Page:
Decided November 22, 1935.
Appeal from Pike Circuit Court.
A.F. CHILDERS and J.A. RUNYON for appellant.
L.J. MAY for appellee.
On February 16, 1934, Jake Smith, Ike Smith, and Octavia J. Davies, through their father and representative, Will Smith, rented to R.N. Pettitte for a period of two years a building known as the Smith filling station, and located at the Kentucky end of the Pikeville-Williamson Bridge. The contract contained the following provision:
"There is to be no gambling, gambling devices, whisky or immoral people or immoral carrying on of any nature during the life of contract, and any failure to comply with any of the above stipulations shall terminate this contract at once and possession reverts to the first party."
On May 11, 1934, Will M. Smith, as agent, instituted a forcible detainer proceeding against R.N. Pettitte in the Pikeville police court. Pettitte was found guilty, and appealed to the Pike circuit court.
There Pettitte demurred to the warrant, and the demurrer was overruled after Will M. Smith as agent had been permitted to amend the warrant on its face. Trial by jury having been waived, and the law and facts having been submitted to the court, Pettitte was again found guilty of the forcible detainer. He appeals.
It is first insisted that the judgment is erroneous for the reason that appellee failed to allege in the warrant, or to prove, that any notice had been given the appellant of his election or intention to end the contract and repossess the property. The basis of the proceeding is that appellant was selling whisky on the premises. The contract distinctly provides that that shall not be done, and further provides that any failure to comply with any of its stipulations shall terminate, the contract at once and possession revert to the first party. Thus it will be seen that the contract fixed a definite period for the termination of the lease, and where that is the case no notice to quit is necessary. Slusher v. Lawson, 198 Ky. 358, 248 S.W. 888; Mendel v. Hall, 13 Bush, 232.
There is the further contention that the court erred in concluding that appellant had violated the contract by selling whisky on the premises. The argument is that the parties intended to prohibit only those things which were violations of law, and the sale of whisky now being legal, it is not prohibited by the contract. What the parties intended is to be gathered from the language employed. The language is broad and comprehensive. It contains no exceptions, and where that is the case it is not the province of the court to introduce exceptions by construction. Alexander v. Theatre Realty Corporation, 253 Ky. 674, 70 S.W.2d 380.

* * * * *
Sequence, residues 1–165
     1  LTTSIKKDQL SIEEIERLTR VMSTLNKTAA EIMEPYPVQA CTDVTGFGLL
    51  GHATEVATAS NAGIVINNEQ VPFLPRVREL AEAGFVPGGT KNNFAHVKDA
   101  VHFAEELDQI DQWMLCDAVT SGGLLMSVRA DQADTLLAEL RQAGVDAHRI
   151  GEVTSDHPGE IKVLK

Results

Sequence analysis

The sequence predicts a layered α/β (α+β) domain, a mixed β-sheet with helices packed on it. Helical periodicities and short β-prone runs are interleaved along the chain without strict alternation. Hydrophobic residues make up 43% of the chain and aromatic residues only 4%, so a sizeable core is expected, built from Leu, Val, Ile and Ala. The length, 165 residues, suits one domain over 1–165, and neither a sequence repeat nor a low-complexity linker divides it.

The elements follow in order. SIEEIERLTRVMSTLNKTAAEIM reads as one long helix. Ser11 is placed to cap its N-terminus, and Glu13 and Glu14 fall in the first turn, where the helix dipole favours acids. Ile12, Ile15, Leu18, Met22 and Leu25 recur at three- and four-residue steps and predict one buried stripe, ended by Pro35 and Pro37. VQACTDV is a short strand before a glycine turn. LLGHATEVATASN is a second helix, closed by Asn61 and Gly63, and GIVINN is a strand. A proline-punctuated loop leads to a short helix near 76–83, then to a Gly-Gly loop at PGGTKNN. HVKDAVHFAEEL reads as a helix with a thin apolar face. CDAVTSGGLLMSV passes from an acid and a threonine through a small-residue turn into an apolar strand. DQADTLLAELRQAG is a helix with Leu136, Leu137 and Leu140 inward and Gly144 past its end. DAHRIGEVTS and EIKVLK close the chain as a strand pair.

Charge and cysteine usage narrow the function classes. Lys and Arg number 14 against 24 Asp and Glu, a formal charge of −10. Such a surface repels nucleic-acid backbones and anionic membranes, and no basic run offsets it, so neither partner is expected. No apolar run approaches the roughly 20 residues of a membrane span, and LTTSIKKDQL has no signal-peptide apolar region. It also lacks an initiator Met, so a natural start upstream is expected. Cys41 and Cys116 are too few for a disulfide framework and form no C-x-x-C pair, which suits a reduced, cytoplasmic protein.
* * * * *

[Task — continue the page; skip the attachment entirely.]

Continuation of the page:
Another ground urged for reversal is that appellee accepted rentals under his contract after the forcible detainer warrant had been issued, and thereby estopped himself to complain. The forfeiture of the lease was not sought for the nonpayment of rents. It was sought for a continued violation of the lease. The contract was entered into on February 16, 1934. The rent became due on the 16th day of each month thereafter. Appellant had not paid the rent for the month of April. The forcible detainer warrant was issued on May 11th. Substantially a month's rent was due at that time. The check referred to was dated May 16, 1934, and paid the rent up to that day. The check was cashed on May 21st. The ground of forfeiture being the sale of whisky on the premises, and not the nonpayment of rent, it is our conclusion that by accepting the rent which was substantially due when the forcible detainer warrant was issued and altogether due at the time of its acceptance, appellee did not waive his right to declare the forfeiture. Sherrill v. Harlan Theatre Co., 256 Ky. 150, 75 S.W.2d 775.
Lastly, it is insisted that the court erred in allowing appellant to be called as a witness as if upon cross-examination, and to testify that he had been and was then engaged in selling whisky on the premises. The argument is that the proceeding is governed by the practice in criminal cases, and it is not proper that the defendant in criminal proceedings be required to testify against himself. In support of this position the case of Jolly v. Gilbert, 190 Ky. 1, 226 S.W. 354, 355, is relied on. The language employed in that case was:
"Although the proceeding is both authorized and regulated by the Civil Code, it conforms to the practice in criminal proceedings; and the warrant is sufficient if it conforms substantially with the form prescribed by the Code."
This is not a holding that the defendant in a forcible detainer proceeding occupies the position of a defendant charged with the commission of a crime. Not only so, but it is clear that the defendant in such a proceeding occupies the position of the defendant in every civil proceeding, and section 11, Constitution, providing that the accused cannot be compelled to give evidence against himself has no application.